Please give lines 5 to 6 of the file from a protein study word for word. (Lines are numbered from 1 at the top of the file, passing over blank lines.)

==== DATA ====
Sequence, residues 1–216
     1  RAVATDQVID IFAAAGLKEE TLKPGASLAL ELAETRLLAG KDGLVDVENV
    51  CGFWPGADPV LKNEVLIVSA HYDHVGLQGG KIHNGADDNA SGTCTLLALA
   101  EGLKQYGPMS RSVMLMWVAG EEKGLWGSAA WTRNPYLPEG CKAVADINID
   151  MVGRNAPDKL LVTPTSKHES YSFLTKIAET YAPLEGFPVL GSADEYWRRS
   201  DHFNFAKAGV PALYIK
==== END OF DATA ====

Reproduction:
   151  MVGRNAPDKL LVTPTSKHES YSFLTKIAET YAPLEGFPVL GSADEYWRRS
   201  DHFNFAKAGV PALYIK